Uncharacteristically, I did what someone else told me to do. I didn’t do it right away; I stalled for a couple of years first. Maybe four years. My ophthalmologist has wanted me to sleep wearing an eye patch. Why? Because since I was six years old I’ve slept with one eye open, and it has a tendency to dry out and get irritated. My doctor felt like wearing a patch over the eye would keep me healthy longer. He’s been recommending this every year for at least four years.
I knew he was right, I knew his advice was correct, and he is a good friend and I trust what he says, but I didn’t want to sleep in an eye patch. It just seemed too bizarre. Too old-mannish. Too much Captain Ron.
But several months ago, in a hugely unpredictable move, while I was at Walgreen’s shopping for first aid materials to treat my cycling wound, I added an eye patch to my kit. And the first time Cyndi left for the weekend, I tried wearing it.
And then, I wore it the second night.
And much to my surprise, those were the best two nights of sleep I’d had in, well, maybe ever. I never realized how much energy I was consuming during the night protecting my eye with my hand or my pillow. I was so used to taking care of it – it’s been this way since I was about six years old – I never realized it was causing me trouble.
So Monday afternoon when I went in for my annual checkup and contact lens renewal, I had my eye patch in my pocket to show him how obedient I’d been. And to tell him he was right. The doctor was pleasantly surprised that I had a patch and gracious about the outcome. He didn’t even say, “I told you so.” In fact, it was as if he was more concerned with helping me than he was about being right all along.
Here’s the thing. I am good at following advice I already agree with. I can follow that sort of advice with no effort, almost without listening. It’s much harder to follow advice from anyone else that isn’t like me. Or maybe I should say anyone that isn’t me.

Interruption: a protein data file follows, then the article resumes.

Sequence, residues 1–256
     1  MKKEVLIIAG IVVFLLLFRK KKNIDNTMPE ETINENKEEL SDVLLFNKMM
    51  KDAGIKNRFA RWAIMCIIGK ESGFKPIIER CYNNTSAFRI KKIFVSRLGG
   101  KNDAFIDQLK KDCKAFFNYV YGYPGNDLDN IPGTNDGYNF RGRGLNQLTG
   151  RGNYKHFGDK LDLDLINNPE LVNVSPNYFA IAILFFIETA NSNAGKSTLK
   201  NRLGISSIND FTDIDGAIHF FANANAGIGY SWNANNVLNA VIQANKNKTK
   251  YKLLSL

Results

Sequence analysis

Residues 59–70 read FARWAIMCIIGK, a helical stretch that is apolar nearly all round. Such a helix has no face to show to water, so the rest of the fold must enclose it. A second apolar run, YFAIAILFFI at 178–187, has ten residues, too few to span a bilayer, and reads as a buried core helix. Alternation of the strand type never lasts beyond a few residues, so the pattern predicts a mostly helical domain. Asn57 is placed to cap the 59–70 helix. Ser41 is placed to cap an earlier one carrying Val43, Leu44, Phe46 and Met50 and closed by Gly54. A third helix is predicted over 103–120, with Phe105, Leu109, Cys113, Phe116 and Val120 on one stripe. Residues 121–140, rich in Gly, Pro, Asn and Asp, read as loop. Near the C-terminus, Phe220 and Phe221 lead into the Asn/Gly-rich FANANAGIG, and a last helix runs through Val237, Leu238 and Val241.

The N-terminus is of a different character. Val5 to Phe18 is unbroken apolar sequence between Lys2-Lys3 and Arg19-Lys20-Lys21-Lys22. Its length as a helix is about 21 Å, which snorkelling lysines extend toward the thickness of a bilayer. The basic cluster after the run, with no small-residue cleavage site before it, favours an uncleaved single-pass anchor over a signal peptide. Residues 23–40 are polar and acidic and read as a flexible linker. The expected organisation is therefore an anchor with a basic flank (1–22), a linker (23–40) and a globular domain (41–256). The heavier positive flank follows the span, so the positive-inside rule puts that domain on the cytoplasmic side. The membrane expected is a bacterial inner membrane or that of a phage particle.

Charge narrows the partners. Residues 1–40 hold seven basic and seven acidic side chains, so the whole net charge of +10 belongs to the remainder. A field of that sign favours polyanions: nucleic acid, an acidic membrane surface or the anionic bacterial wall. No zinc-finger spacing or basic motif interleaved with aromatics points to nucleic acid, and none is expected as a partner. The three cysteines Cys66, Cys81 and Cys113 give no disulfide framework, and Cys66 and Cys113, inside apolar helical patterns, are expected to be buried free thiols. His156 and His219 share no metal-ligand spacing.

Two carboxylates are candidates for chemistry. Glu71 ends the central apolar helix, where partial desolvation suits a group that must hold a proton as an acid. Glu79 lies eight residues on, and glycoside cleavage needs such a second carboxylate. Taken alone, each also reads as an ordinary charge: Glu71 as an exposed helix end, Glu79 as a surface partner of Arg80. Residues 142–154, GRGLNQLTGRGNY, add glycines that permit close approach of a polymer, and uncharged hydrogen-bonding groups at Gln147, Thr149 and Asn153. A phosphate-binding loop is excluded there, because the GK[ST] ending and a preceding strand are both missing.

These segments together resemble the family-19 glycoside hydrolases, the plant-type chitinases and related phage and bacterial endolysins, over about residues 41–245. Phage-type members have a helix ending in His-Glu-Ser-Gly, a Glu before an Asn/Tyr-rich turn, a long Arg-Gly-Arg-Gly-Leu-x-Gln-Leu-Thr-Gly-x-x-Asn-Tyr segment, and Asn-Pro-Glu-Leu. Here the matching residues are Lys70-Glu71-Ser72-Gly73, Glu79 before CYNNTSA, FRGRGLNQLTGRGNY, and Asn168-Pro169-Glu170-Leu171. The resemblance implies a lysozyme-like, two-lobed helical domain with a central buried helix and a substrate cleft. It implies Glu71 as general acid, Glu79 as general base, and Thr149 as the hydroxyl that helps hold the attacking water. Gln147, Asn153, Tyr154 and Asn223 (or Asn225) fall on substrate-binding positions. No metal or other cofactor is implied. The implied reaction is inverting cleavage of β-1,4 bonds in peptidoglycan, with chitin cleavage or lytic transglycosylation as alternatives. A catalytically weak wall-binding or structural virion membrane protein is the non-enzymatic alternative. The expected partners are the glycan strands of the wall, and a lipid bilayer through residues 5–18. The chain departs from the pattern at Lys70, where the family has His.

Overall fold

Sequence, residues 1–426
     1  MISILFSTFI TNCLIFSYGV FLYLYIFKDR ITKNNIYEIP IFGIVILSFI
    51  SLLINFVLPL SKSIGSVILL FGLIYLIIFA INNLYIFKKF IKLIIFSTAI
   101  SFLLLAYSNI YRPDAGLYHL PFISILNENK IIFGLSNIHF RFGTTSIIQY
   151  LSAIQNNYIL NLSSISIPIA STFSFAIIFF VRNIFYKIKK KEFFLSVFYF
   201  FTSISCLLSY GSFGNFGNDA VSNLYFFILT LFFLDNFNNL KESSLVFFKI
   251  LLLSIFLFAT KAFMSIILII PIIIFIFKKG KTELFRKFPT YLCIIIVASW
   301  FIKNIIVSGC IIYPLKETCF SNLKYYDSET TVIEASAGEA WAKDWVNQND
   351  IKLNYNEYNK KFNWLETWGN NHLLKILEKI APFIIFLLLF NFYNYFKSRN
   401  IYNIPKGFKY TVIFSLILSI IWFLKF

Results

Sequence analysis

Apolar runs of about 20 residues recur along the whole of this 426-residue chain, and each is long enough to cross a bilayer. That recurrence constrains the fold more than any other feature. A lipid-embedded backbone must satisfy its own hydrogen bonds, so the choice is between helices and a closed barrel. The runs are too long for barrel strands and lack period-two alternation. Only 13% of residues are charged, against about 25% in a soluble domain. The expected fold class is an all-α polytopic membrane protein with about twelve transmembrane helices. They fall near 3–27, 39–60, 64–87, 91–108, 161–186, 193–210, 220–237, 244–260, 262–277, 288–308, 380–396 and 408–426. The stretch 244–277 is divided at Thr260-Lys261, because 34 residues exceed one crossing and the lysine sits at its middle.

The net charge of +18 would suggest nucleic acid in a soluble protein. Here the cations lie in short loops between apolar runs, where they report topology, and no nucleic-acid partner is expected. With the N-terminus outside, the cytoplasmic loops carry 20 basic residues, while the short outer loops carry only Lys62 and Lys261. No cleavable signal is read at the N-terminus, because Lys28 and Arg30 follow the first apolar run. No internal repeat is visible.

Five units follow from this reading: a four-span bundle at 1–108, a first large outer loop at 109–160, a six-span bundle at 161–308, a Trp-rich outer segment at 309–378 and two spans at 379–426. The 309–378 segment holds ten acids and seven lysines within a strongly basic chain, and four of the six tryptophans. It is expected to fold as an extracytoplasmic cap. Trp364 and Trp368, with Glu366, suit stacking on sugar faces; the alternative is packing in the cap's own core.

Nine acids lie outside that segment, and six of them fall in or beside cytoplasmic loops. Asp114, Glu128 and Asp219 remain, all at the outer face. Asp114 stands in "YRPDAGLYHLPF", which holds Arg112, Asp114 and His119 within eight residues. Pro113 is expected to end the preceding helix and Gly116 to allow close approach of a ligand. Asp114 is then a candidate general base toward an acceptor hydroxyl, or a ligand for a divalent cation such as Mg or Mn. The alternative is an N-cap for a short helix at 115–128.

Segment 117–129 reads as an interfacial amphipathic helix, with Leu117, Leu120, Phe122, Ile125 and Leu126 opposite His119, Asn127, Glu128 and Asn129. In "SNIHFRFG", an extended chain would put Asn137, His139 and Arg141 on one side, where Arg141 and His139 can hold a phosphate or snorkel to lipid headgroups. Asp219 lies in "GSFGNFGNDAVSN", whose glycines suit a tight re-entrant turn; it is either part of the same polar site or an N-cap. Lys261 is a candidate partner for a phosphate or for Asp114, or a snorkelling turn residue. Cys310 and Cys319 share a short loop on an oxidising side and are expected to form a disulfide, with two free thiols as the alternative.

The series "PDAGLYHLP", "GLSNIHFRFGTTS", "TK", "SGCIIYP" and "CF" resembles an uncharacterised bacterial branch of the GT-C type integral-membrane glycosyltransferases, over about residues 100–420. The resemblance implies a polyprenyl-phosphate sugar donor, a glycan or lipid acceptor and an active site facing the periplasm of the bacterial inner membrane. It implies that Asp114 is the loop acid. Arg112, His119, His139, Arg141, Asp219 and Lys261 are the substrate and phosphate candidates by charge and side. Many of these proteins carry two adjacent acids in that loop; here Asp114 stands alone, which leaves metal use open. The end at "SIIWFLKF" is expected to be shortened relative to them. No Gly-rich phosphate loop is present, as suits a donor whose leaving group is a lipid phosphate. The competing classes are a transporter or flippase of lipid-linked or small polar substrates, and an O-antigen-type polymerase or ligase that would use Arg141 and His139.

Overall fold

My eye patch experience caused me to wonder how many other things in my life burn up energy and I don’t even notice because I’ve tolerated it so long it feels second nature? How much advice have I ignored because I’m determined to do things my own way, advice from people I know and respect and like, because I don’t want to admit I occasionally need help.
Sometimes I even force myself into the position of hearing from teachers who have different personalities than I do, just to open up my life. To keep it from becoming too small.
For example, in Iron Men this fall we are reading Bob Goff’s book, Love Does. It is the most nonlinear book I have ever taught. And that is why I picked it. I have all the linear reinforcement I need; I wanted to hear advice from a completely different quarter, a completely different pattern, with a completely different result. I don’t know how much Goff will pull me off my straight-line life, but I’m open to thinking about considering some possible changes.
After all, I’ve been wearing this eye patch, and once you start sleeping like a pirate, who knows what will happen next.
QUESTION: What advice is hard for you to follow?
P.S. Let me just confirm the risk I’m taking by writing about this eye patch episode. The last time I wrote about my eye problems, and my hesitation to follow the doctor’s advice, his office put a copy of my journal in MY OFFICIAL FILE. They showed it to me on my next visit just to remind me they were paying attention and that they had me on the record.
“I run in the path of Your commands, for You have set my heart free.” Psalm 119:32